When the girly clothing brand Kate Spade announced this past October that it would launch a new, lower-priced line called Kate Spade Saturday, the news was largely well received. But that morning, three men named Morgan Collett, Colin Tunstall, and Josh Rosen sat in their TriBeCa office, staring at the news printed in that day’s issue of WWD. They were bewildered. Tunstall said it was “hard to swallow.”
They’re the trio behind downtown staple Saturdays Surf NYC, a brand affectionately known as ‘Saturdays’ to fleets of in-the-know hipsters who like a side of surf with their micro-brew coffee. Originally conceived in 2009 as a small storefront in Manhattan’s SoHo neighborhood, Saturdays Surf has since grown into a thriving business that now includes a full men’s ready-to-wear and accessories line with additional freestanding locations in Manhattan’s West Village and Tokyo’s Daikanyama neighborhoods, with pieces from its collection selling in renowned boutiques in 17 different countries.
But now, Kate Spade has, in their minds, encroached on Saturdays’ name and concept, with a cheery contemporary womenswear line that will launch early next year. They allege that not only are the two brands’ names nearly identical— which could potentially confuse customers—but also that the similarities in the branding and marketing of the two brands are impossible to ignore. (Saturdays Surf NYC is often simply called ‘Saturdays’ and Kate Spade Saturday already being referred to as just ‘Saturday.’)
The logos are also exceedingly similar. Both emphasize “Saturday” in large letters, with Kate Spade using a bright yellow background that Saturdays Surf NYC has used in rotation since at least 2010. Kate Spade’s CEO, Craig Leavitt, says that their logo is “hand drawn and unique to us.” The similarities in branding concern the men at Saturdays Surf, who worry about brand confusion as they expand to non-English speaking markets. (Saturdays Surf NYC opened a store in Tokyo this past April. Kate Spade will open Saturday’s first store in Tokyo’s Omotesando shopping district in early 2013, only a 30-minute walk away from Saturdays Surf.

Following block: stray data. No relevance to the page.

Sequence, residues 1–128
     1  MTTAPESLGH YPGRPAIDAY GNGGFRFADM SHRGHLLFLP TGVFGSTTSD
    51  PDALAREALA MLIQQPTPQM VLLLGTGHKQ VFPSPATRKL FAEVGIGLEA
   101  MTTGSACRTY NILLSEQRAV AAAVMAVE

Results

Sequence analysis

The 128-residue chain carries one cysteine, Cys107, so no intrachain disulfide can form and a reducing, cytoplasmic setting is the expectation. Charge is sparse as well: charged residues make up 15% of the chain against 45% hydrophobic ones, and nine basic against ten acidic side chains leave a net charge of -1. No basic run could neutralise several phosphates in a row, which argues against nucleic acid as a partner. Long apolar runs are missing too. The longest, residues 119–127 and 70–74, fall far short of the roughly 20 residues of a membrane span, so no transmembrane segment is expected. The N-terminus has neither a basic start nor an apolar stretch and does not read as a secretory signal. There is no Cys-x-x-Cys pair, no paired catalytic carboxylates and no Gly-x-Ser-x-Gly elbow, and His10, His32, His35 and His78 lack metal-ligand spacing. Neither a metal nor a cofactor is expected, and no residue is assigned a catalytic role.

Following Kate Spade’s ‘Saturday’ announcement, Saturdays Surf NYC sent a cease and desist letter, to which Kate Spade responded in early December via a lawyer's letter. It rejected the notion that it had done anything wrong. “The biggest point we made in our letter was that the branding they’ve developed would lead to customer confusion in the market,” Collett told The Daily Beast. “People are already confused and have been asking us if we’ve been bought out by Kate Spade or are doing a collaboration with them.”
On Wednesday afternoon, Kate Spade filed a complaint in Federal Court in Manhattan, asserting that its Saturday brand “does not infringe the trademark of Saturdays Surf NYC, a company that sells surfboards, wetsuits, and related men’s apparel.” In a press release about the complaint, Kate Spade alleges that “SSLLC and its supporters began to post disparaging comments accusing Kate Spade Saturday of trademark infringement on SSLLC’s Facebook page and on the Kate Spade Saturday Instagram and Twitter pages.” After hearing about the complaint through third parties, Collett told The Daily Beast on Wednesday night: “We reposted people’s opinions [including an article posted on men’s fashion site, Four Pins] and put that on our Facebook page and that’s it. The public made their opinions known and we had no direct encouragement—the Internet is a massive place and we have very limited control of what’s discussed on the Web.” Collett also added that Saturdays Surf is “strictly an apparel brand—we don’t make wetsuits, we sell other people’s wetsuits, and we don’t make surfboards, we sell other people’s surfboards.”